What would sustainability mean to a university? less stresses on the environment? a healthier human and natural environment? decreased opperating costs? less total waste? more biodegradable waste?
We realize the university system is not closed, and the actions carried out by certain actors affects the immediate community (Waterloo Municipality), therefore an external, larger, and more complex environment.
Education is a large component of creating a sustainable campus. The extent of education recieved by the students, directly affects their actions and attitudes. For example: a WHMIS type of course that deals with environmental practices should be made compulsory for all entering students. Therefore, the role of the faculty should be to ensure sustainabiliy is supported and proper educational practices are performed.
Only through changing the attitudes and actions of actors or decision-makers can the campus become a more sustainable environment!
Is there a problem in Fine Arts concerning practices of waste disposal or any issues concerning the level of environmental education towards the students?
Our area of concern is the Department of Fine Arts located in East Campus Hall (ECH). This building is located on the east border of the University of Waterloo campus.The actions of the students, and the level of environmental awareness of the department, will be the main focus of our study!
We will attempt to "Green" fine arts by investigating through survey and observation, both practices and policy to determine what changes can be made in the Fine Arts department.
The main objectives of our project is to compare the success or lack of:
WE ARE MEASURING THE DIFFERENCE BETWEEN POLICY AND PRACTICE!!!
Based on our findings we hope to:
There have been no prior system studies of the Fine Arts department. This ERS 285 project will take a first look into how the system functions. However, there was one previously completed ERS 285 project that looked at a similar situation -- the project titled Chemical Disposal in UW science labs. This project has been used as a basis for studying the Fine Arts department.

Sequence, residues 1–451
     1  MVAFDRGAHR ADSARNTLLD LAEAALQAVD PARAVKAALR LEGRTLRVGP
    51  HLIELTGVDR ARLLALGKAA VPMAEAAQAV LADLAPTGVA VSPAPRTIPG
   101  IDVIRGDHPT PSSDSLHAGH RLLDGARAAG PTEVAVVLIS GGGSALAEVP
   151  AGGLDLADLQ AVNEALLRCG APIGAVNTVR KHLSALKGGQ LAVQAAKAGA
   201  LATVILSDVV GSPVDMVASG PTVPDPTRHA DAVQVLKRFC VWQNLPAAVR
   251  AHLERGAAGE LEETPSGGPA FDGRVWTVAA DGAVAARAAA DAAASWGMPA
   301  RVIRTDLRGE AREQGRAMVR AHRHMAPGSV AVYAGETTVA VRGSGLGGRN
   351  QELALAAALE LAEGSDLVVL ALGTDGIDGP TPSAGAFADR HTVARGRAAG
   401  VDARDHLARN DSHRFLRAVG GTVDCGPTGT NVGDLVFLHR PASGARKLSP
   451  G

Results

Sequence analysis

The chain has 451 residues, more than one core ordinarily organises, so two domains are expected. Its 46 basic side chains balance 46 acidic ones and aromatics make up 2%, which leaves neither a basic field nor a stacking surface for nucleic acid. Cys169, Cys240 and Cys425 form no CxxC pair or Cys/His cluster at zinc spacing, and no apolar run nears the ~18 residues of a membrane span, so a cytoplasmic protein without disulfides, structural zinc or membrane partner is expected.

The Chemical disposal project aided the development of our analysis, and gave us valuable information dealing with a system study of this nature.
The University Policy:
Places of employment are required under provincial and federal government quidelines to follow rules of safety and proper waste disposal under the OCCUPATIONAL HEALTH AND SAFETY ACT (OHSA).This act states:
UNIVERSITY - as an employer and institution has many duties and responsibilities under the OHSA. These include:
Have a written occupational health and safety policy and a program to implement that policy. The Health and Safety Policy (Policy 34) is the University's statement of the principles that guide health and safety in the workplace. The health and safety program is a set of procedures for implementing the policy. Provide pertinent information about workplace hazards, testing and training (WHMIS). Comply with the health and safety legislation and regulations. Provide and maintain prescribed equipment, materials and protective devices. Prescribed measures and procedures must be carried out. Take every precaution reasonable in the circumstances for the protection of workers. The university must provide workers with information, instruction and supervision. Ensure that the use of hazardous materials meet the requirements of the regulations concerning exposure limits, labelling, material safety data sheets and worker training. Ensure that the workplace and its facilities meet the regulations. Appoint competent persons as supervisors who are: qualified through knowledge, training and experience to organize the work and its performance; familiar with the OHSA and the regulations that apply to the work being performed in the workplace; and know about any actual or potential danger to health and safety in the workplace.
Health and Safety, is the university department which is in charge of meeting any policy/act standards regarding environmental or waste practices. The University of Waterloo and the Health and Safety office has its set of criteria that all faculties must abide by . The policy posed by the university is to ensure that it does not recieve fines from the municipal government for improper functioning and waste disposal. These fines could reach up to $10,000 which consequently the school (therefore students) pay for. Policy 34 defines clearly the objectives of the university that lead to a safe and environmentaly suitable institution. This policy is the basis of our study, as it outlines the proper procedures of material handling, education, and disposal.